The scene is set during the French Restoration at the beginning of the 19th century. Jean Valjean, a galley slave who was sent to prison for stealing food, is now released after serving ... See full summary »
The story of the assassination of U.S. Senator Robert F. Kennedy who was shot in the early morning hours of June 5, 1968 in the Ambassador Hotel in Los Angeles, and 22 people in the hotel whose lives were never the same.
Following the defeat of Germany in WWII, the Allies determine that there must be an accounting of German war crimes. Twenty-four Nazis, representative of all sections of military and civilian life are chosen to stand trial for the crimes of conspiracy to commit aggression, commission of aggression, crimes during war and crimes against humanity. The preparations for the trial, the trial itself and its aftermath are shown through the eyes of Chief Prosecutor Robert Jackson and through the eyes of Reichsmarshal Hermann Goering, the ranking Nazi defendant. Written by
Jason A. Cormier
Sam Stone who plays Julius Streicher, is a Jew who's father survived the Holocaust. It was only with the greatest difficulty that he maintained a straight face during the scene where films of Nazi concentration camps are shown in the courtroom. Upon completion of the scene, he immediately burst into tears. See more »
At the end of the trial, Field Marshall Wilhelm Keitel is referred to as "Admiral Keitel." See more »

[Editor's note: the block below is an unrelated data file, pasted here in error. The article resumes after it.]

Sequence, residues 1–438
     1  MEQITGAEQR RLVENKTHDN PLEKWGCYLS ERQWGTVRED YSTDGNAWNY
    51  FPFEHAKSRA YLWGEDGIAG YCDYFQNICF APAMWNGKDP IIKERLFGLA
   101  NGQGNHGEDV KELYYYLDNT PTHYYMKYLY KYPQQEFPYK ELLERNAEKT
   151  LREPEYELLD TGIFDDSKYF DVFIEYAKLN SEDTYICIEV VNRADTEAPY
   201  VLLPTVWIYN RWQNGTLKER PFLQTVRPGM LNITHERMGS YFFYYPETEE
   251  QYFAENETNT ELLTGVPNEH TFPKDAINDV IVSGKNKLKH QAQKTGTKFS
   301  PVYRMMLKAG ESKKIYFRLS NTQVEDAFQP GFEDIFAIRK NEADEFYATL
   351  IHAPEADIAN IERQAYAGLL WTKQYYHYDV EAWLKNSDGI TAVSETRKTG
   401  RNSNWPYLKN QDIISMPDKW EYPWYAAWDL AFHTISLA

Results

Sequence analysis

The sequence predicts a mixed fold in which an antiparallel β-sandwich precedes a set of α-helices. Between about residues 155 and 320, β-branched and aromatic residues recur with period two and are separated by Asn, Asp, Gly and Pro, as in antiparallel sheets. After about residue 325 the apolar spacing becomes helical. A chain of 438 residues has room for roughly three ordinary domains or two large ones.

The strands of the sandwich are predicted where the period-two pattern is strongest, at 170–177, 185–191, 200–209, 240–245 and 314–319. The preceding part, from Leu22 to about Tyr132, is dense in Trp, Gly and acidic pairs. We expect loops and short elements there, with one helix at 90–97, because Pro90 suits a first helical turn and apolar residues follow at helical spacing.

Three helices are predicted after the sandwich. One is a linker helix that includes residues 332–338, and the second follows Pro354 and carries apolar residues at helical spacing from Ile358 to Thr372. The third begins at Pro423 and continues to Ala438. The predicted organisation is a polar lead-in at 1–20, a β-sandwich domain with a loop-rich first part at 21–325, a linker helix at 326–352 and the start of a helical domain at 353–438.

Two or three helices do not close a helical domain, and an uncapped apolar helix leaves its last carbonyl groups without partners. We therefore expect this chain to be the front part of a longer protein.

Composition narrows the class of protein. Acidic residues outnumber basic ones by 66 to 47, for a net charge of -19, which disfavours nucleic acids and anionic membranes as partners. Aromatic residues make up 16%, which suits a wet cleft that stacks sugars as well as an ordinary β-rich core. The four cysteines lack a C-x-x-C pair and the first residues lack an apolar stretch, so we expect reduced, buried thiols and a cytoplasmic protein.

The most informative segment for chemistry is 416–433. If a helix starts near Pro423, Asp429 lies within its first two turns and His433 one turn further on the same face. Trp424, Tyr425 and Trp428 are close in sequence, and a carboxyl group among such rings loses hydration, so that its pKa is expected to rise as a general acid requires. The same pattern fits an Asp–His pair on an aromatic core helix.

Sir Geoffrey Lawrence:
Defendant Hermann Goering. The Tribunal has found you guilty on all four counts and sentences you to death by hanging.
See more »
I was only a teenager when the Nuremberg trials began, and I (as most other people throughout the world) had very little true knowledge of the horror stories of the victims of Nazi atrocities. When the truth burst upon the world, many people could not believe what they saw. (Some neo-nazi fools still deny everything.)
This is not an easy film to watch, especially with actual films of the frightful deathcamps, but one is drawn into the story because it was such a momentous event - that the major Allies of WWII united to have fair and open trials not just of single criminals, but of an evil governmental system.
Alec Baldwin has done a magnificent job in his role as Robert Jackson, who was the Chief Prosecutor. I wish I could thank him, as co-producer of this fine mini-series, for such a vivid rendering of those years.
Yes, there are still horrors being perpetrated on innocent victims in many parts of the world today, but the world IS watching, and in many cases, is resisting these evil governments.
I suggest that it is of UTMOST IMPORTANCE that young people today watch this film. Too many young (and many older) people think of WWII as only a rather heroic glorious time; I want them to know what some human beings were doing to other innocent victims. Believe me it is NOT boring. Yes, there were many, many heroes. I know. I married a young man who had fought with the Greek resistance movement and suffered greatly, but his spirit, as that of many others, could not be conquered. We must not forget!
10 of 17 people found this review helpful.
Was this review helpful to you?